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Sellers are exploiting the US Postal Service to deliver fentanyl to American homes


A Senate investigative committee released a new report on Wednesday revealing how overseas drug distributors have exploited weaknesses in the United States Postal Service to ship an untold amount of deadly, illicit fentanyl into the country.

The lead Republican author of the report, Sen. Rob Portman of Ohio, described how foreign distributors, largely in China, have taken advantage of e-commerce and loopholes in the postal system to transmit hundreds of thousands of packages of fentanyl and other synthetic opioids to U.S. consumers.

"The mail system is kind of an antiquated form to deliver, but when you combine it with online ordering it has been deadly in home home state of Ohio and around the country."
Sen. Rob Portman

In an effort to understand the flow of fentanyl into the United States, a bipartisan staff of Senate investigators produced a 96-page report identifying the weaknesses in the current fight against the opioid epidemic, specifically the overseas supply of those drugs. The investigation began with a simple online search: "fentanyl for sale." Within moments the investigative team was able to connect to an array of international distributors.

"That simple search returned hundreds of websites, many affiliated with Chinese labs, all openly advertising illegal drugs," Sen. Portman explained. "Ordering these drugs was as easy as buying any other product online."

When it came to shipping information, committee investigators noticed the drug distributors had one specific request. "Every single one of them preferred to use the postal service over private express carriers like DHL, FedEx and UPS," the senator said. The reason shippers gave, Portman explained, was that the chances of the drugs getting seized through the postal service were so insignificant "that delivery was essentially guaranteed."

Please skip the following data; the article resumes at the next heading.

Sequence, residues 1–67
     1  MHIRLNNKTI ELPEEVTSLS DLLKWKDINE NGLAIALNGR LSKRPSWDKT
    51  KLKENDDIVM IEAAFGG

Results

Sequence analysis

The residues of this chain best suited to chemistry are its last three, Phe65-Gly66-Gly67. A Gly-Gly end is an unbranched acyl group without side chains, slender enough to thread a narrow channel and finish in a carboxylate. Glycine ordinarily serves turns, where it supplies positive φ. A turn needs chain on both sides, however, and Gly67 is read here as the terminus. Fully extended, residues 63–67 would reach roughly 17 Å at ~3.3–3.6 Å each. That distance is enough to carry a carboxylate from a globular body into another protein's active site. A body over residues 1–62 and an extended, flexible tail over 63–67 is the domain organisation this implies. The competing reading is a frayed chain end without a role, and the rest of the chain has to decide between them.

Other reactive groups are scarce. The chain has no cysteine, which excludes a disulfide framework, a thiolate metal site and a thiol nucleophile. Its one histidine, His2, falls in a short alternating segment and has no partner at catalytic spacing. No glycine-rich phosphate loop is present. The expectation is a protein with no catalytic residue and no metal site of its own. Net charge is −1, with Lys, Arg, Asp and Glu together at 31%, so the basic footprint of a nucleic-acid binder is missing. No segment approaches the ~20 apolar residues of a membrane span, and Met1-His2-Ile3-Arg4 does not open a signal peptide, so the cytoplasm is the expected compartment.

The ranking Democrat on the subcommittee, Sen. Tom Carper of Deleware, used one word to describe the findings of the report: "alarming."

The committee never completed an order, but used the online sellers' payment information to track 300 U.S. buyers in 43 states and hundreds of packages sent through the U.S. Postal Service. A number of those packages were delivered to suspected "pill presses," illegal operations that produce and sell counterfeit prescription opioids often manufactured with a lethal degree of inaccuracy.

Sen. Heidi Heitkamp, D-North Dakota, spoke at length about the urgency of the problem. She reiterated the complexities of the ongoing drug epidemic, saying that the crisis knows no borders.


"Fentanyl in my state killed kids that led to a huge investigation--one of the first--came from China, to Canada, to Portland, Oregon, to North Dakota," she said during the hearing. "We can build a $20 billion wall but if we don't solve this problem, we will not have solved the problem of interdicting drugs."

On the opposite side of the aisle, Portman agreed. Though he has expressed support of Trump's border wall, he added that it won't solve the drug crisis alone.

"So the border is important, but it's not sufficient," he told Circa. "Even if we had a border wall that was really effective, you still would have this problem in the mail system."

Fentanyl, a synthetic opioid 50 times more potent than heroin and 100 times more potent than morphine, is generally considered to be lethal at 2 milligrams. For some perspective, 2 milligrams is less than one-tenth of a grain of salt.